Peter Englert conducts research in planetary science, extraterrestrial materials, and sensor development, with a major focus on Mars exploration, meteorites, and the application of nuclear science technology in space. He is also active in research on social science topics including internationalization and indigenization of higher education.
His research has included investigating the surface of Mars using gamma rays and neutrons, the study of meteorite exposure to cosmic radiation through nuclear interaction products, and the development of gamma ray, X-ray, and neutron spectrometers for use in space exploration. He was on instrument development teams for planetary gamma-ray and neutron spectrometers, and science investigation teams for both, the Mars Orbiter and Mars Odyssey gamma ray and neutrons spectrometers.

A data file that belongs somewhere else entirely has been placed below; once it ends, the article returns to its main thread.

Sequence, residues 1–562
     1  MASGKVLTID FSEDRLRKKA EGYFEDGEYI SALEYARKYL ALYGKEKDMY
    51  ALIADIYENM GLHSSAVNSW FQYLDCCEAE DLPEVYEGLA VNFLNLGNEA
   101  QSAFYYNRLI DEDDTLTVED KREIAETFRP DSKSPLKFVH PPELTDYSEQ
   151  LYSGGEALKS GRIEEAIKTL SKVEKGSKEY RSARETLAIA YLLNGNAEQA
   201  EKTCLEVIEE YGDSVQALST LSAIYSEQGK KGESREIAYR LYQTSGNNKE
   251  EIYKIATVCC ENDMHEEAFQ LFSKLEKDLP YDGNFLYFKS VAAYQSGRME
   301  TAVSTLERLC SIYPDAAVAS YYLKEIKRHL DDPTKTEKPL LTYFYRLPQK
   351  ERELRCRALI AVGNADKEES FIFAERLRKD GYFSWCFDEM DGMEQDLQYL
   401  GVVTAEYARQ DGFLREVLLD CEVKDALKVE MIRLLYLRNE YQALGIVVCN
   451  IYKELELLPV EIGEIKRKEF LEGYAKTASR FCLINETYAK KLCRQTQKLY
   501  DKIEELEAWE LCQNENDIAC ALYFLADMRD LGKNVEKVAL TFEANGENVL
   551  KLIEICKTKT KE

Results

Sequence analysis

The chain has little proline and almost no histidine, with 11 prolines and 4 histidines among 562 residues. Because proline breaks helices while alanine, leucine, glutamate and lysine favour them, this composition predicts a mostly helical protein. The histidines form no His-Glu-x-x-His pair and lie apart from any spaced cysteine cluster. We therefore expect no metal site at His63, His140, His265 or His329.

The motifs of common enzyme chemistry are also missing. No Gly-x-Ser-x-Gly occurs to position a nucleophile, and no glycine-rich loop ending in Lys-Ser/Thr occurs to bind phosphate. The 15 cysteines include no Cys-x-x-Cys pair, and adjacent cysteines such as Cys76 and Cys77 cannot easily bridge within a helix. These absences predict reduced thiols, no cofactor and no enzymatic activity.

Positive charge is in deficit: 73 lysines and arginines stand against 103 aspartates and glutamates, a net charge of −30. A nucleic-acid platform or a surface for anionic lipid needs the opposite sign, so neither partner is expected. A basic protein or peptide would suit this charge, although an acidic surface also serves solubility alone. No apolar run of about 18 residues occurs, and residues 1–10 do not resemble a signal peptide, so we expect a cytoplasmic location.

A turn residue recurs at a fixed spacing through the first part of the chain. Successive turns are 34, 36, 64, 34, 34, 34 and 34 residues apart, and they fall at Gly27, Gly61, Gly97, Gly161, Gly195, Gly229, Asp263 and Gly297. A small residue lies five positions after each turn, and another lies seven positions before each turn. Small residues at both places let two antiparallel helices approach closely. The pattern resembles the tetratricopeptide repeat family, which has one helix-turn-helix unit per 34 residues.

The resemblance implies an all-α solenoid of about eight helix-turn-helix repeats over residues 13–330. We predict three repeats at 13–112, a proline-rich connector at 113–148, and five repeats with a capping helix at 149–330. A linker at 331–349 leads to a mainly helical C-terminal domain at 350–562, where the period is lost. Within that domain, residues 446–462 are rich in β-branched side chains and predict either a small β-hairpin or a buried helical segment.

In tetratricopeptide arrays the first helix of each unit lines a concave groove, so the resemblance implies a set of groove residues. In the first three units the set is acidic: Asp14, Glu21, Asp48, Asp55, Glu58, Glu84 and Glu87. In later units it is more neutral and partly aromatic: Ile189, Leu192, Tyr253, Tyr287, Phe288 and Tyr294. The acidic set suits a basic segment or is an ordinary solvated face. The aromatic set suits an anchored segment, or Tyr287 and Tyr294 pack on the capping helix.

He is principal science investigator on the Hawaiʻi Space Flight Laboratory’s Neutron-1 mission. His current research extends to the study of terrestrial Mars analogs and the application of cosmic ray products in Earth’s atmosphere and surface to geoscience problems. His work is funded mainly by NASA.
Peter Englert has a keen interest in supporting science learning through curriculum development. He participated in designing and implementing innovative lecture-laboratory courses in planetary science and space exploration technology, including ERTH 107, Solar System Studio, and EPET 201, 301, 302, and 401 courses comprising the Earth and Planetary Exploration Technology (EPET) certificate of HIGP. He teaches undergraduate and graduate level courses for both the Department of Earth Sciences and HIGP, including but not limited to ERTH 105, ERTH 107, ERTH 404, EPET 201, EPET 301, and selected graduate topics through ERTH 600 and 700 level courses.